BBQ: We certainly aren't “trying to be different” at all (again, this seems to go along with that whole Zappa thing), this really is how we sound and how certain parts of our personality come through live. Trying to be “weird” and “cool” is like dressing up like a “punker” on Halloween when you are twenty-two.

THIRSTY: I’m going to stay away from questions about you guys and the mushroom bust in Kentucky, but in general, what substances are still part of the “process” both in the studio and on the road (and all substances are okay to list, including Mountain Dew, American Spirit cigarettes, whatever), and how does each one enhance the work?

BBQ: There is never any specific “substance usage” in this band to create anything in particular. Our friendship and musical partnership has mutated into psychic manifestation of prior enhancement. We just think like this. We are retarded.

THIRSTY: I saw a quote where you said that for a fan going to a show and hearing your music is like a fan can “wipe your brain with your ass.” That’s an amazing analogy, but it came at the end of the aforementioned interview, so I wasn’t able to hear an explanation. Could you break that one down for us, even if it’s graphic?

BBQ: We are disgusting guys, I guess, to some people, who say and sing a lot of garbage and vulgarity. But I dunno if that is true. We are just really into surrealism and have no filters. We like to be gross if we wanna be, but not to shock - more just to make ourselves giggle at that time, for good or bad. That analogy is what it is. Sometimes, you gotta just chill out.

THIRSTY: What are the advantages of being a one-man-band (playing guitar with your hands, singing, and playing percussion with your feet)? Sometimes it’s like watching the octopus on The Flintstones, or whatever, working at an ice cream shop, doing eight things at once. Are you the world’s best multi-tasker in your personal life as well?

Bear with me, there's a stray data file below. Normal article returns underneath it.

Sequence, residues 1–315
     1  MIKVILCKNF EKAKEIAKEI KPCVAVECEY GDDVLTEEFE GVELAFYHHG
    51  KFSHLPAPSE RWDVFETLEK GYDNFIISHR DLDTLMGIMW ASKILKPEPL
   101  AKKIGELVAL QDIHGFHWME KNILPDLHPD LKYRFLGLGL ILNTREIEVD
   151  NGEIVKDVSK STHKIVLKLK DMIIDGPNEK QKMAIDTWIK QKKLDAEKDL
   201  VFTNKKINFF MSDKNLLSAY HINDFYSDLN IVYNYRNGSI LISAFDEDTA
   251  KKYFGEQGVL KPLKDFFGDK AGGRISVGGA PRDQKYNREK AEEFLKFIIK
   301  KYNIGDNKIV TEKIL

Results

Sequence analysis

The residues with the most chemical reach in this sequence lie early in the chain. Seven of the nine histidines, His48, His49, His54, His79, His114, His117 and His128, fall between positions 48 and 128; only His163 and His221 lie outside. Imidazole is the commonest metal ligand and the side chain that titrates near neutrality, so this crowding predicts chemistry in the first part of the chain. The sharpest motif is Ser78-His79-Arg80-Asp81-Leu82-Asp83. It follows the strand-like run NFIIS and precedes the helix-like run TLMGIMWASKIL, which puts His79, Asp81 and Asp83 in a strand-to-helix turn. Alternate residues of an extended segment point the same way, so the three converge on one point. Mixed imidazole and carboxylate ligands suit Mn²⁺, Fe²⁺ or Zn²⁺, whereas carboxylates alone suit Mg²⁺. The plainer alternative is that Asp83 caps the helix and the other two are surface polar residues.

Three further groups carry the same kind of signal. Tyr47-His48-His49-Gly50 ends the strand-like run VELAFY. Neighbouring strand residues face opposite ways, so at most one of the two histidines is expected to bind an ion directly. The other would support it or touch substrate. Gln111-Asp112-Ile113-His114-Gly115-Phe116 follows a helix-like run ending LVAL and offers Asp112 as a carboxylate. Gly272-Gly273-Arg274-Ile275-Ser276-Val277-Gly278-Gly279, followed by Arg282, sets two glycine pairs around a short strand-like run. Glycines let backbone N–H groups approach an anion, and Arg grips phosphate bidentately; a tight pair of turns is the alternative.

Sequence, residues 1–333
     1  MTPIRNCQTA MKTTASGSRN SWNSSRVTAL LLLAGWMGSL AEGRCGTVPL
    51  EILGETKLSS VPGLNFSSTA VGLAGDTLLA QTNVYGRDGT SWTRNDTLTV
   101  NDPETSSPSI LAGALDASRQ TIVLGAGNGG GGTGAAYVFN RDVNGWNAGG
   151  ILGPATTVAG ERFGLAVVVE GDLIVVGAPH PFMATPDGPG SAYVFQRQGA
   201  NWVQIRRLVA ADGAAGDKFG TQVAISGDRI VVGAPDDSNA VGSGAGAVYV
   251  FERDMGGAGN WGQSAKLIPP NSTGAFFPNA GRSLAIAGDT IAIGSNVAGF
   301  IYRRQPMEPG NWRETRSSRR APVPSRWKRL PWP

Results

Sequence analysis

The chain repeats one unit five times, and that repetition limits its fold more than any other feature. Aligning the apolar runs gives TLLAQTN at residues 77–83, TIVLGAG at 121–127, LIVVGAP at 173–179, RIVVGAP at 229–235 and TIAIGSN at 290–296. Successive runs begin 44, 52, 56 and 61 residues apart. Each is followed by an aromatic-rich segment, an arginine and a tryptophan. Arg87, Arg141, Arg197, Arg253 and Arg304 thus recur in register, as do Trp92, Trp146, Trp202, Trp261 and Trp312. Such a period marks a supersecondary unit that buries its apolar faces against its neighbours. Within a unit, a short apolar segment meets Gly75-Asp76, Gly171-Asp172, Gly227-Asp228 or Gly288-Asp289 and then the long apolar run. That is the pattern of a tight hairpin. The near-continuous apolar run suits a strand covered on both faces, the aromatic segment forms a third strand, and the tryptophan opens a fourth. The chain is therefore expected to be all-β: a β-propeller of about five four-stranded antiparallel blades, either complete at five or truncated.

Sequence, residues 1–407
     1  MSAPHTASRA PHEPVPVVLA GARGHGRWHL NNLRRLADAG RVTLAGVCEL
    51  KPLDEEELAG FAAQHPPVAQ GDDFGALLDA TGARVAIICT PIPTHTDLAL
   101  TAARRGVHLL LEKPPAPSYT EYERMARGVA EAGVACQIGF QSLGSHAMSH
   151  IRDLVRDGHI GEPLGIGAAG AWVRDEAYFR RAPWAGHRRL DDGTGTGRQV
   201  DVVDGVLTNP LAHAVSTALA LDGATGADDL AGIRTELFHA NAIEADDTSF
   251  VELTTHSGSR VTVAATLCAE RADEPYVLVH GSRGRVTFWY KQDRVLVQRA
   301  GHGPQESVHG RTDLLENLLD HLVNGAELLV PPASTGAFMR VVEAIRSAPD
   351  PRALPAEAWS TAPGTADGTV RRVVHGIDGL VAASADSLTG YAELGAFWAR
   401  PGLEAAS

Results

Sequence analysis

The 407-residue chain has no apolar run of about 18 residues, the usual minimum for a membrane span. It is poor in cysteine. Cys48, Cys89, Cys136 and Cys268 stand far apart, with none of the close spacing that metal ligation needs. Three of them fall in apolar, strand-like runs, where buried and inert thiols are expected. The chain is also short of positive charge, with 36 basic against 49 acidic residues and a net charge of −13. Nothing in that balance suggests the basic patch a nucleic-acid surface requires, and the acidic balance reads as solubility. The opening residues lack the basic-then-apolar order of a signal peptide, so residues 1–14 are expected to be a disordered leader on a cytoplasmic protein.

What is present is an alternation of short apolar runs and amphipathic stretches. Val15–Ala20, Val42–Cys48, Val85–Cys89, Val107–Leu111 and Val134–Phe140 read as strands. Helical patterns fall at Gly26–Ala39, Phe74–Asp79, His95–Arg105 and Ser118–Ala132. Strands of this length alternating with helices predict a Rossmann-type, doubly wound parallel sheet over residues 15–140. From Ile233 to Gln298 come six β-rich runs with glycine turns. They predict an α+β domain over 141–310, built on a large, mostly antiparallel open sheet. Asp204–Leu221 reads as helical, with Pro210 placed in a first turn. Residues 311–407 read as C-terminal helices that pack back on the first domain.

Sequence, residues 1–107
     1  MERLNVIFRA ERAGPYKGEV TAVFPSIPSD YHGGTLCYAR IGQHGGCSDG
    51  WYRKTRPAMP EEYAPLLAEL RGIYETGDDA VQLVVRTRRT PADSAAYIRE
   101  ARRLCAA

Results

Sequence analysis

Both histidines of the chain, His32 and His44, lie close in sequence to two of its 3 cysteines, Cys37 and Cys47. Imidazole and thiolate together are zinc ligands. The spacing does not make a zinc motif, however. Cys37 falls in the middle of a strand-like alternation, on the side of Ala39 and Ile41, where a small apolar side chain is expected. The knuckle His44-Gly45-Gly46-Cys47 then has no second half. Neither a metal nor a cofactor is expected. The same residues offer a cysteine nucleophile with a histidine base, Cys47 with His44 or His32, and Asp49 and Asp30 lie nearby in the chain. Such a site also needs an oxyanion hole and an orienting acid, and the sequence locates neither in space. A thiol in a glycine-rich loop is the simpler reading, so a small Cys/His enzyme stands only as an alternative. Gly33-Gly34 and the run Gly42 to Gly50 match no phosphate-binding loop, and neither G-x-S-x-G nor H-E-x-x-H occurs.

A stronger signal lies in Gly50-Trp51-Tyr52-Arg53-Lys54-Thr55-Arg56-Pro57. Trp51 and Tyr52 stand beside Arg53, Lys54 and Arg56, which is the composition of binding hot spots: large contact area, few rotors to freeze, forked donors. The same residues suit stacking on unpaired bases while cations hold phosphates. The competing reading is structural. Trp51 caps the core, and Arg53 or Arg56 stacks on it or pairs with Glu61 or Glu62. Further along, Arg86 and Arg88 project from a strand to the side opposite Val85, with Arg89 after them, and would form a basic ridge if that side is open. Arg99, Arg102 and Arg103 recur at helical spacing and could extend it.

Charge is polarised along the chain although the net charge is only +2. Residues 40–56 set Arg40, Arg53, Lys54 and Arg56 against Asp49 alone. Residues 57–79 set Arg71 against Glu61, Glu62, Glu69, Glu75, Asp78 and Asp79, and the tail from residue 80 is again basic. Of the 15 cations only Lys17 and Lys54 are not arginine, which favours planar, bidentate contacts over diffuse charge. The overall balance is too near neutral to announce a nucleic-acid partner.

BBQ: In this band and solo as “BBQ,,”I like doing this one-man thing, sure. And it is rewarding to be able to control so much music at once, but it's also limiting. That's why I also perform under my name (Mark Sultan), when I wanna let more stuff fly. I am not so much a multi-tasker in real life. More a lazy slob.

THIRSTY: You guys share songwriting credit equally on every song, not unlike Lennon/McCartney. What’s the songwriting process for you guys? Who does what, and what happens in what order, typically?

BBQ: The accrediting is to simplify things on a visual level and let folks know that symbolically, we are a team. But not all songs are 50/50 - some are mine or Khan's, as well. We either make stuff up alone wherever we are or get together in our underground tunnel system and throw around ideas. In any case, the writing process for us (like most things in this band) is very quick and to the point, with hardly any refinement, so we can play and you can hear something fresh and simple.

THIRSTY: There are some gross songs on the new record, all in good fun, of course, some obviously perverted such as “Taste Buds,” but I couldn’t help wondering if the lead track Anala is about anal.  Is it? Because there is that suspiciously placed pause between “I lover her whole” and “my living soul.”

BBQ: The line is: "I love her (w)hole, body and soul." It's about a girl with an unfortunate name. Is it about “anal,” as in “anal sex?” Most of the songs are. Sodomy is excellence.

BBQ (Mark Sultan)

THIRSTY: Okay, that’s all I got. Yes, I’m going out on the anal question. Do you have anything else you’d like to say or tell folks, or say why they should buy this record and/or go to the insane experience that is a King Khan & BBQ Show live event?

BBQ: I just hope everyone has a nice day.



All opinions expressed by Matthew Swanson are solely his own and do not reflect the opinions of Stay Thirsty Media, Inc.